Estimated read time: 6-7 minutes
This archived news story is available only for your personal, non-commercial use. Information in the story may be outdated or superseded by additional information. Reading or replaying the story in its archived form does not constitute a republication of the story.
KIRKLAND, Wash. (AP) — Here's a question for Samantha Foster, 21, of Mukilteo, future mortician.
"I see dead people" is a great movie line, but as a full-time occupation?
She says, "There have been a lot of deaths in my family, but that only added to my intrigue. You'd think it'd be offsetting to see family members pass away, but I just got curious about how they got into that casket."
As more and more of our aging population heads to that final frontier, it'll be someone like Foster who'll deal with the details.
It's a new generation of funeral professionals, as much of the current crop is reaching retirement age.
Foster is an earnest, modern young woman, tattoos on her right arm, black hair piled high, nose piercing.
On this morning at the funeral-service class at Lake Washington Institute of Technology in Kirkland, Foster is molding soft mortician's wax on a plastic-skull head.
She is doing a wax rendition of actor Bill Moseley, star of a number of cult-classic horror films. "I thought it'd be appropriate, given the subject matter." she says.
The two-year program — the only one in this state and one of the few on the West Coast — this school year will graduate 22 students, and Foster is one of them.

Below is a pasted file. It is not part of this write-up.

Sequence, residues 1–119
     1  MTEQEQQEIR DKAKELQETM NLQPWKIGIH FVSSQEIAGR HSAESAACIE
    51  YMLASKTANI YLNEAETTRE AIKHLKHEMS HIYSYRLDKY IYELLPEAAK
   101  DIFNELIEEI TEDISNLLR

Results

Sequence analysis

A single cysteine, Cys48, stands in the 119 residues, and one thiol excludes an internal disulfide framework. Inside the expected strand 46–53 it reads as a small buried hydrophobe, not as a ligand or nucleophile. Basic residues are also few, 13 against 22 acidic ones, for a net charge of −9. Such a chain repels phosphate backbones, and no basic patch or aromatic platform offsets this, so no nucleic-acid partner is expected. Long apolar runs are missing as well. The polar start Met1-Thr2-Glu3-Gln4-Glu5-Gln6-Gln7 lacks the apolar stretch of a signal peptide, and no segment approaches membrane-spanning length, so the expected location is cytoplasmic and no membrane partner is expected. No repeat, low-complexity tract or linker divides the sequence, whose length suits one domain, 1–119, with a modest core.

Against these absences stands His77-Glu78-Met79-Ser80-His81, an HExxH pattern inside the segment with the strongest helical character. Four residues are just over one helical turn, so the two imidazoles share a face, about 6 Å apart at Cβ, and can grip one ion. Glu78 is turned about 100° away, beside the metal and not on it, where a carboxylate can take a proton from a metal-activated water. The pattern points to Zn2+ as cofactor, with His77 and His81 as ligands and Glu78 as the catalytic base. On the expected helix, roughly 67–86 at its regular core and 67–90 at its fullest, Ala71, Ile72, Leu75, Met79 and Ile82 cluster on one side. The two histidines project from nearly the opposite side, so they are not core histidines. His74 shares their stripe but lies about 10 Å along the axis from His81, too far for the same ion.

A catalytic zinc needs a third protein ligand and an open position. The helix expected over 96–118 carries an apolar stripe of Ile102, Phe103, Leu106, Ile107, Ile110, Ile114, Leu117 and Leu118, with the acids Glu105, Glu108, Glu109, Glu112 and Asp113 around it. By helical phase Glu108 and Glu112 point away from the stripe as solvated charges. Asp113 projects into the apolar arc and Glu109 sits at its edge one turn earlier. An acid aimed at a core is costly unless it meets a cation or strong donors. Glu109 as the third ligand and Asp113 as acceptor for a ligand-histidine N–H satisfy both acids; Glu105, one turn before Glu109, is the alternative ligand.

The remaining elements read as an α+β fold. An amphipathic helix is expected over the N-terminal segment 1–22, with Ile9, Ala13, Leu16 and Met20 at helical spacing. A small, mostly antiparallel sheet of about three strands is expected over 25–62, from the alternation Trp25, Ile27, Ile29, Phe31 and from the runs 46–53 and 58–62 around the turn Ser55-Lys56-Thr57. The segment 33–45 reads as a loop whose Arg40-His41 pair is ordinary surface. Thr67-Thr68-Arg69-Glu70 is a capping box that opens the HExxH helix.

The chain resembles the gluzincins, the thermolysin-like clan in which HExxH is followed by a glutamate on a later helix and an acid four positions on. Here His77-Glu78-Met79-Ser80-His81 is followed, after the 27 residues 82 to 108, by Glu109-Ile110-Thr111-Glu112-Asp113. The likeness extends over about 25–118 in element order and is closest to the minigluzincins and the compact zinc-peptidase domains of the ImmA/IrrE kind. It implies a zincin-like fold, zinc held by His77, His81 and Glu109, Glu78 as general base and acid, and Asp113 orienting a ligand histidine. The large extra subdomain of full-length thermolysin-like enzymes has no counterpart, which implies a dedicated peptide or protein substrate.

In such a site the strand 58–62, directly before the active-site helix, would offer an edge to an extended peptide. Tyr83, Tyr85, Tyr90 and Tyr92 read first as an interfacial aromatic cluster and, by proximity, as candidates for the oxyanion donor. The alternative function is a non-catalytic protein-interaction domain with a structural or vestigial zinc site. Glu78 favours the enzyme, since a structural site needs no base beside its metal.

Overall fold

Craig Emmick, the instructor of the class, says there still will be plenty of job opportunities because licensed funeral directors are needed in each of the 300 or so funeral homes in this state, and some 20,000 nationwide.
Foster explains about embalming: "Ever since I was a kid, I wanted to work in a medical field, but I didn't want to deal with the possibility of someone dying under my care. This was something I could do, rebuild different features in the case of trauma."
She's originally from the Chicago area and plans to move back to the Midwest, where they do many more traditional funerals.
In Illinois, the cremation rate is in the 30 percent range, according to the Cremation Association of North America. Washington has the second-highest cremation rate in the country at nearly 73?percent.
Nevada is highest — "transient town" and "lack of tradition," explained a Las Vegas Sun story.
On this day, work includes not just the wax work, but finishing up papers on bacteria that cause tissue gas on decomposing bodies. When you die, things happen fast to that corpse.
Rachel Risbell, 33, of Everett, has written her essay as if the bacteria are talking in the first person. It's quite a paper:
"Hey, guys! It's me, everyone's favorite bacteria. Clostridium perfringens ... Just last week I was living peacefully in the intestinal tract of a lovely 57-year-old lady ... She had some sort of stomach problems ... poor Jane bit the dust."
The paper goes on about poor Jane: " ... As soon as she died I was free! Decomposition started to set in ... she was a mess! ... The smell alone could knock your socks off ..."
Talk to anyone in a profession in which they regularly deal with anguishing events. They'll relate to using a bit of humor. Otherwise, it'd be a pretty dour plod for students dealing with a 728-page, 3.9-pound textbook on embalming.
"I can't imagine holding all that in," says Risbell. "You need some kind of outlet."
She remembers one time in class when she was embalming a body that was badly decomposed.
Says Risbell, "I could smell the decomposition in my hair and clothes. I had to buy another shirt in between classes."